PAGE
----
Masterschool Films screened at IDFA

In 2004, two documentaries developed within the framework of the Discovery Campus Masterschool were screened in the competition programmes of the International Documentary Film Festival in Amsterdam (IDFA).

Director Alexandru Solomon, a graduate of the Masterschool 2001, had entered the Joris Ivens Competition for long documentaries (more than 60 minutes) with his film "THE GREAT COMMUNIST BANK ROBBERY" (Romania, 2004), a thrilling reconstruction of the true story behind a propaganda film about a bank robbery in socialist Romania in 1959.

Florin Iepan and Razvan Georgescu (Masterschool 2002) participated with "CHILDREN OF THE DECREE" (Germany, 2004) in the Silver Wolf Competition, in which short documentaries (60 minutes or less) compete against each other. Their documentary tells the story of the Romanian Baby Boom-Generation, from its birth by Ceaucescu's Decree 770 issued in 1966 prohibiting abortion for all women to its maturity in 1989 when this new generation, in which Ceausescu had put all his hopes, turned against him and executed the dictator and his wife.

More information on the films:


The camera never lies. This adage from the early years of documentary was adopted by the Romanian socialist regime in 1959 to convince viewers of the veracity of its reconstruction of a bank robbery. In addition, the leading roles were played by the six perpetrators themselves, portrayed as corrupt gangsters. More than forty years later, director Alexandru Solomon reconstructs the reconstruction, incorporating interviews with a former cell mate, the cameraman at the time, neighbours and Securitate agents. Their accounts indicate that in the propaganda film more was withheld than revealed. The bank robbery was not a gangster operation, but an act of resistance by prominent party members, who after their involuntary collaboration on the film were sentenced to death during a mock trial that was filmed live and included in the film. From the how, Solomon gradually shifts attention to the why of their deed, describing the circumstances in which Jewish party members lived on the eve of the socialist regime's fifteenth anniversary. The regime had declared crime officially nonexistent, even going so far as to ban gangster movies.

Romania, 2004 colour / black and white, 35mm, 1 hour 15 min. Editing: Sophie Reiter Narration: Alexandru Solomon Narrator: Victor Rebengiuc Photography: Constantin Chelba Production: Tudor Giurgiu, Serge Lalou, Virginie Vallat Director: Alexandru Solomon Sound: Dana Bunescu, Viorel Dobre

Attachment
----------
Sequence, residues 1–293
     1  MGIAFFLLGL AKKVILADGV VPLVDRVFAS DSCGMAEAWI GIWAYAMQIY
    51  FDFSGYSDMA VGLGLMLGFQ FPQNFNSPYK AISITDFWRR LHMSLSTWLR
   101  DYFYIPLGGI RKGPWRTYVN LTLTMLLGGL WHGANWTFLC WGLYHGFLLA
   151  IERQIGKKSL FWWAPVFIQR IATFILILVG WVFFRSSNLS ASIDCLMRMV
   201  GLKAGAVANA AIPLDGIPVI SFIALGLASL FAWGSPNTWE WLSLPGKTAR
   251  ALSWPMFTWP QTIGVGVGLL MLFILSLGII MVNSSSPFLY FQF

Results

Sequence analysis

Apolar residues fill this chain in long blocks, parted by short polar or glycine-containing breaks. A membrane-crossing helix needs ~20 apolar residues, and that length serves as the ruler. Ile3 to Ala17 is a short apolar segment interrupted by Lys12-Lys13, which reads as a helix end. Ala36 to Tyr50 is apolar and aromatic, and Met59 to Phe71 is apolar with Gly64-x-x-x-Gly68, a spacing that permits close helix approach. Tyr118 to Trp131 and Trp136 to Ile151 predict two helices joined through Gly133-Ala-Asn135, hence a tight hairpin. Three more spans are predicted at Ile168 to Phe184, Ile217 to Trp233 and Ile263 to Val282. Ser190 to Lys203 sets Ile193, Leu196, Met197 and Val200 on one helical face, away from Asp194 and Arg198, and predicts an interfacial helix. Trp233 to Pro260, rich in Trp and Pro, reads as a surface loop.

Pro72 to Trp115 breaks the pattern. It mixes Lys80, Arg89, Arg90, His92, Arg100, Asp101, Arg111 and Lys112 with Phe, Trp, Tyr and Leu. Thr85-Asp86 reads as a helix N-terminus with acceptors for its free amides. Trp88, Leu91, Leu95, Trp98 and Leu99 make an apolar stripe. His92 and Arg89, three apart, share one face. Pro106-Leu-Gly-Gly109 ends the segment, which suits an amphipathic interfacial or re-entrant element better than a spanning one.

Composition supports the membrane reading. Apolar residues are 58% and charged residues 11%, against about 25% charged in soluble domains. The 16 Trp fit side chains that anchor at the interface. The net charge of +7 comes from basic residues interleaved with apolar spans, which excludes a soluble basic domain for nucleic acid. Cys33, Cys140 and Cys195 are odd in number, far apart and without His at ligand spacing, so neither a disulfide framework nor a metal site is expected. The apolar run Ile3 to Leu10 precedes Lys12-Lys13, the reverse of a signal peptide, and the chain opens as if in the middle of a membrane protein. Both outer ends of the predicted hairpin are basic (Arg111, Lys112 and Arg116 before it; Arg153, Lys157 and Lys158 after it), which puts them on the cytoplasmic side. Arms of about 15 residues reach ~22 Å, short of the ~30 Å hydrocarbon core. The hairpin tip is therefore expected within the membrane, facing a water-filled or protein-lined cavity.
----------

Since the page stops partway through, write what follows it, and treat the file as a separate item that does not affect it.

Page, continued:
Procreation is the social duty of all fertile women, was the political thinking during the 1960s and 1970s in Romania. In 1966, Ceaucescu issued Decree 770, in which he forbade abortion for all women unless they were over forty or were already taking care of four children. All forms of contraception were totally banned. The New Romanian Man was born. By 1969, the country had a million babies more than the previous average. Thousands of kindergartens were built overnight. Children had to participate in sports and cultural activities. Romanian society was rapidly changing. By using very interesting archival footage and excerpts from old fiction films and by interviewing famous personalities from that time gynaecologists or mothers who were part of the new society the director revives this period of tremendous oppression of personal freedom. Many deaths were caused by the mere fact that women, including wives of secret Romanian agents, famous TV presenters and actresses, had to undergo illegal abortions. Many women were jailed for having them. Some died by using awkward abortion methods, like injecting mustard or lemon juice into the uterus. Sex life was no fun anymore. But still, Romania had a demographic boom and hosted a world conference on population in 1974.

Germany, 2004 colour, video, 52 min. Editing: Wolfgang Lehmann Photography: Carlos Fuchs, Peter Reuther, Wolf Truchsess von Wetzhausen Production: Razvan Georgescu Director: Florin Iepan Screenplay: Razvan Georgescu, Florin Iepan Sound: Alfred Huff